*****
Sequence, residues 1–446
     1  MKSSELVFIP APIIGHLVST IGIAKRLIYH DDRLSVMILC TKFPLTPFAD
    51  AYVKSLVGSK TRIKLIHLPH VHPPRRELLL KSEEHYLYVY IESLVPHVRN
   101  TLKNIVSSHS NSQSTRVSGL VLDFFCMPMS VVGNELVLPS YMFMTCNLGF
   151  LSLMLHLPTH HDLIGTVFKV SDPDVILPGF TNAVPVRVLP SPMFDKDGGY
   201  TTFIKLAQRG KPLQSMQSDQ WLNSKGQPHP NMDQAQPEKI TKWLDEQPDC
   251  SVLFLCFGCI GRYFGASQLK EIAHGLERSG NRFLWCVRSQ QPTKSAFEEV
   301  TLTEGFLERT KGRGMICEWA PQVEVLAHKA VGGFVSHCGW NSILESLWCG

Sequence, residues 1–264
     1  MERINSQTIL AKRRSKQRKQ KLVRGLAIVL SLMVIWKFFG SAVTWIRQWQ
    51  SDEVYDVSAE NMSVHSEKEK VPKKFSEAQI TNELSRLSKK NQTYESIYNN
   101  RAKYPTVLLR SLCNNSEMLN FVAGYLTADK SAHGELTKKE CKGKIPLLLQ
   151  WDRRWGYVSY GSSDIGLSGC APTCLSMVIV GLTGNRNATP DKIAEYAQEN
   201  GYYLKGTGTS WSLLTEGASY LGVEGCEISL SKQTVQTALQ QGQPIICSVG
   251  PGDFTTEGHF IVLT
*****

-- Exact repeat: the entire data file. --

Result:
Sequence, residues 1–446
     1  MKSSELVFIP APIIGHLVST IGIAKRLIYH DDRLSVMILC TKFPLTPFAD
    51  AYVKSLVGSK TRIKLIHLPH VHPPRRELLL KSEEHYLYVY IESLVPHVRN
   101  TLKNIVSSHS NSQSTRVSGL VLDFFCMPMS VVGNELVLPS YMFMTCNLGF
   151  LSLMLHLPTH HDLIGTVFKV SDPDVILPGF TNAVPVRVLP SPMFDKDGGY
   201  TTFIKLAQRG KPLQSMQSDQ WLNSKGQPHP NMDQAQPEKI TKWLDEQPDC
   251  SVLFLCFGCI GRYFGASQLK EIAHGLERSG NRFLWCVRSQ QPTKSAFEEV
   301  TLTEGFLERT KGRGMICEWA PQVEVLAHKA VGGFVSHCGW NSILESLWCG

Sequence, residues 1–264
     1  MERINSQTIL AKRRSKQRKQ KLVRGLAIVL SLMVIWKFFG SAVTWIRQWQ
    51  SDEVYDVSAE NMSVHSEKEK VPKKFSEAQI TNELSRLSKK NQTYESIYNN
   101  RAKYPTVLLR SLCNNSEMLN FVAGYLTADK SAHGELTKKE CKGKIPLLLQ
   151  WDRRWGYVSY GSSDIGLSGC APTCLSMVIV GLTGNRNATP DKIAEYAQEN
   201  GYYLKGTGTS WSLLTEGASY LGVEGCEISL SKQTVQTALQ QGQPIICSVG
   251  PGDFTTEGHF IVLT